Johnson Controls Opens VRF Training Facility
Manufacturer opens Dallas facility on the heels of VRF product introduction
If you’re interested in learning more about the intricacies of variable refrigerant flow (VRF) technology, you may want to book a trip to Dallas.
Johnson Controls Inc. (JCI) recently opened the doors to a 12,600-square-foot training facility devoted to increasing the industry’s awareness of VRF technology, equipment, and operation. The center, which officially opened in July, boasts a hands-on lab, two 25-person-capacity classrooms, audio/video conferencing capabilities, and a full curriculum to help HVAC contractors and sales professionals deliver quality VRF solutions.
The center is one of few VRF training facilities operating in the U.S. and has already graduated more than 40 students.
“This technology is a growing part of our industry, yet a large number of people remain unfamiliar with it,” said Justin Patrick, vice president and general manager, VRF solutions, JCI. “Our new training facility allows us to make sure there’s consistency in the VRF experience — from the design of the project to installation, service, and commissioning. This facility will drive our success and continue to differentiate JCI as a leader in the market.”
A TEAM EFFORT
Kerry McIntyre Sr., training and technical services manager, JCI, said the training center was built specifically to service the needs of this expanding market.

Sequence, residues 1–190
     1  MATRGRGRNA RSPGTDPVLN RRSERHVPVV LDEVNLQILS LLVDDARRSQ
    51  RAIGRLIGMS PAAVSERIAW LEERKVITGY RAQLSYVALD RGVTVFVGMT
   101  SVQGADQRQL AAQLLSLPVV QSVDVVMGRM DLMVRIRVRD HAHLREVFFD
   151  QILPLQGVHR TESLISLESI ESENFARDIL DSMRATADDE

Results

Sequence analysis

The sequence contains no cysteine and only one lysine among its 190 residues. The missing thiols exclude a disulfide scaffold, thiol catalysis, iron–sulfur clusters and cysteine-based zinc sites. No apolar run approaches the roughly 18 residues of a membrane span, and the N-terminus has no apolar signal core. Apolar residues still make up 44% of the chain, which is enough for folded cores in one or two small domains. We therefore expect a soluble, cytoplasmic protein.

“Technology is changing, and energy efficiency continues to be a top priority for building operators. Our York VRF systems offer exceptional flexibility and efficiency in new-construction projects or in retrofit situations,” he said. “Our goal is to become the premier training facility in the country and to equip contractors and consultants with the expertise necessary to address customers’ needs, and we’re off to a great start.”
McIntyre, a former U.S. Army corporal and U.S. Navy petty officer who’s worked in the HVACR industry for two decades, has vast VRF experience. He hand selected the center’s instructors and trainers, including Marco Verdugo, VRF technical trainer, and Joe Glenn, VRF and ductless technical trainer, whom he’s networked with through industry functions.
“We’ve assembled a talented team with an enormous amount of VRF experience,” said McIntyre. “Our staff consists of the utmost professionals.”
Verdugo said the multi-day course delivers the skills necessary to be successful with VRF.
“We hammer home a number of important points, including why a nitrogen purge is a necessity, why it’s a bad idea to use soft-soldered brazing materials, the importance of measuring torque, and more,” he said. “After we discuss these aspects in the classroom, we go to the lab and put them to the test.”
During lab sessions, students execute exercises on 4-way cassettes, wall-mounted units, 1-way cassettes, ducted high-static units, and more. Troubleshooting is provided via the company’s service checker, where students diagnose issues and perform maintenance procedures.
Facilitators are aiming to add new equipment — including floor mounts, ceiling mounts, ceiling suspended, two-way cassette, ducted slim, ducted medium, ducted high static, mini cassettes, and more — by the start of 2016.